Talk of the Town
Receiving perhaps the most attention last week was the BRICS groups’ announcement, led by Russia, to develop a separate reserve currency system, using currencies from all five countries. On June 22 President Putin commented that the idea “is being elaborated on." The immediate incentives to establish such an alternative to dollar transactions are obvious from the Russian side. China, meanwhile, has long expressed a desire to internationalize RMB, making steps towards this by, for example, establishing RMB clearing houses in the UAE and other locations overseas.
In an interview with Guancha.cn, President of the China Institute of International Studies, Xu Bu, commented that the strengthening of financial cooperation between the BRICS countries is an inevitable trend, given their global economic might – their GDPs added together amount to 25% of the world’s total and together they accounted for 50% of global economic growth in recent years. He also noted, without going into detail, that establishing a reliable alternative international payments mechanism faces many obstacles.
Among these obstacles are the current dominance of dollar payments across the world – indeed almost all Belt and Road related transactions such as loans and EPC contracts are conducted in US dollars – and the BRICS countries’ comparatively poor credit quality. In an analysis of the proposal, Dutch financial services company, ING, highlighted the three fundamentals needed to establish a strong reserve currency, “safety, liquidity and return.” It is questionable whether RMB, rubles, real, rupees and rand meet the standard. They also question the political willingness of “mercantilist nations” such as China to transfer foreign exchange reserves into a shared initiative with less individual state control.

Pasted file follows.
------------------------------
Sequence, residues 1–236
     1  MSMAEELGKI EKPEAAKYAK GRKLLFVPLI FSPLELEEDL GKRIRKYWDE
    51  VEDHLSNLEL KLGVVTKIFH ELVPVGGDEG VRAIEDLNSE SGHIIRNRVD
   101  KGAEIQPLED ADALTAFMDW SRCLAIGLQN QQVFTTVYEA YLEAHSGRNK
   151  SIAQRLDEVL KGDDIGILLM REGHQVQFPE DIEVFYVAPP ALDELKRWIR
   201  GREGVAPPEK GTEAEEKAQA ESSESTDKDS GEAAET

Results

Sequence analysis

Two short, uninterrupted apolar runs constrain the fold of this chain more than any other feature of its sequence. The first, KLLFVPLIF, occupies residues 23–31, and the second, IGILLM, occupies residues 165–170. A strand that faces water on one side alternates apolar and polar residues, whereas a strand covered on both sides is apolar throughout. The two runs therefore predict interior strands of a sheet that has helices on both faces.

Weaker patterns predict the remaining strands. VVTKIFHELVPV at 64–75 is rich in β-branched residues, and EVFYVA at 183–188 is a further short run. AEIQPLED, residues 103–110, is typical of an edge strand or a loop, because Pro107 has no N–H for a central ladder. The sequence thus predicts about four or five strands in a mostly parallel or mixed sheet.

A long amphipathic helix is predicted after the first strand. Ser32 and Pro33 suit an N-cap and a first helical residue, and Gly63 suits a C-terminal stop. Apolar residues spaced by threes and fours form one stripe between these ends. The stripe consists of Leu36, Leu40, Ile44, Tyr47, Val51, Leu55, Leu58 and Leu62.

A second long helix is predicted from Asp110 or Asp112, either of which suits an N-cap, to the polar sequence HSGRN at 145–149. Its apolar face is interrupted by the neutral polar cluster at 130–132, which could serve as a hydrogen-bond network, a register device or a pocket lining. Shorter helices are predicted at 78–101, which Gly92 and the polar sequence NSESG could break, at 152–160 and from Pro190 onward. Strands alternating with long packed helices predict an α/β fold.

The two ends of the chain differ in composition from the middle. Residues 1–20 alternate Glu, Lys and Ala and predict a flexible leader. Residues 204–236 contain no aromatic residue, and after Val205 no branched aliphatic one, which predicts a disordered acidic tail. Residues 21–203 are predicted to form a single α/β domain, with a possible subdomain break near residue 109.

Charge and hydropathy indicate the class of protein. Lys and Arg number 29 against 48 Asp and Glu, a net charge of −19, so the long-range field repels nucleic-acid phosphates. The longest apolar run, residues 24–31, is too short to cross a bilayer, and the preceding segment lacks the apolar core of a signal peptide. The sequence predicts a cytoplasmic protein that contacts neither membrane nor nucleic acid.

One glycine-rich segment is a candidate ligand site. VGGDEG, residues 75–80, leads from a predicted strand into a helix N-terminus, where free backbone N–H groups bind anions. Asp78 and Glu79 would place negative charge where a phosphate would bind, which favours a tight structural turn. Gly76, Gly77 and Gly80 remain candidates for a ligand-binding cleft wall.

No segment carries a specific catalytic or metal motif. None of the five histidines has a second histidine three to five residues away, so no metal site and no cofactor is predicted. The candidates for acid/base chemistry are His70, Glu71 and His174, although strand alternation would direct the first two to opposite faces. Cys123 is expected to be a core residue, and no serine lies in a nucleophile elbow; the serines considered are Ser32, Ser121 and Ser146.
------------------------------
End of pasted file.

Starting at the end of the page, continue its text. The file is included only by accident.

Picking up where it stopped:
Nonetheless, settling international payments in currencies other than USD may pick up in the face of the immediate political and economic pressures placed on Russia. And BRICS partners in particular appear to have little interest in curbing their trading options in line with Western sanctions, especially as the energy and food crises close in. A few days after the closing of the BRICS summit, UltraTech, India’s largest cement producer, reportedly bought a shipment of coal from Russia using RMB. According to Reuters, the price of the transaction was RMB 170 million for 157,000 tonnes of coal. This comes off the back of growing imports of Russian crude oil and gas.
Russian banks are far more willing to accept RMB than rupees or other emerging economy currencies due to the fact that China is Russia’s largest and fastest growing trading partner. Is RMB destined to become the main currency for transactions between sanctioned Russia and other countries?